Mean Girls will happen
poppyslovingyou:

chesireclam:

arcanacat:

allthingshyper:

smallworldofbigal:

ashleymater:

Tippi Benjamine Okanti Degré, daughter of French wildlife photographers Alain Degré and Sylvie Robert, was born in Namibia. During her childhood she befriended many wild animals, including a 28-year old elephant called Abu and a leopard nicknamed J&B. She was embraced by the Bushmen and the Himba tribespeople of the Kalahari, who taught her how to survive on roots and berries, as well as how to speak their language.
Learn more

in before tumblr screams about cultural appropiation

This doesn’t even count as cultural appropriation
This isn’t a person robbing a culture, to hell with the others
This is a child born right next to that culture
Who was embraced by the people and taught how to do some of the things they do
Which is not the same as cultural appropriation

No cultural appropriation. Just something really beautiful.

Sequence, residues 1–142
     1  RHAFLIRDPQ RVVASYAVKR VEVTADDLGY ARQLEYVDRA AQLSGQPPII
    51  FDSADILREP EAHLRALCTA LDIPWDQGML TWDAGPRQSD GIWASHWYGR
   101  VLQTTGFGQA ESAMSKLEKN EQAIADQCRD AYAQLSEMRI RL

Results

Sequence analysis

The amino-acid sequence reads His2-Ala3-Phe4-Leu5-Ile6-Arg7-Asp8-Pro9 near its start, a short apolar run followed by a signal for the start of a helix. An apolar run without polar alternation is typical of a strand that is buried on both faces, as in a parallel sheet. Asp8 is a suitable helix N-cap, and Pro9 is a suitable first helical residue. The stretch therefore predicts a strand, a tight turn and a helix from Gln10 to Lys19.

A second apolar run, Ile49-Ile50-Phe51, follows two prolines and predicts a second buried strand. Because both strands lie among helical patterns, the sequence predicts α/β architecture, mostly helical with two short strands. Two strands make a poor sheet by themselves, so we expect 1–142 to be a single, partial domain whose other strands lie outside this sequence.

I love the picture where she’s cuddling a frog.

Don’t send her to school when she is older.
Mean Girls will happen
poppyslovingyou:

chesireclam:

arcanacat:

allthingshyper:

smallworldofbigal:

ashleymater:

Tippi Benjamine Okanti Degré, daughter of French wildlife photographers Alain Degré and Sylvie Robert, was born in Namibia. During her childhood she befriended many wild animals, including a 28-year old elephant called Abu and a leopard nicknamed J&B. She was embraced by the Bushmen and the Himba tribespeople of the Kalahari, who taught her how to survive on roots and berries, as well as how to speak their language.
Learn more

in before tumblr screams about cultural appropiation

This doesn’t even count as cultural appropriation
This isn’t a person robbing a culture, to hell with the others
This is a child born right next to that culture
Who was embraced by the people and taught how to do some of the things they do
Which is not the same as cultural appropriation

No cultural appropriation. Just something really beautiful.

I love the picture where she’s cuddling a frog.

Don’t send her to school when she is older.
Mean Girls will happen
poppyslovingyou:

chesireclam:

arcanacat: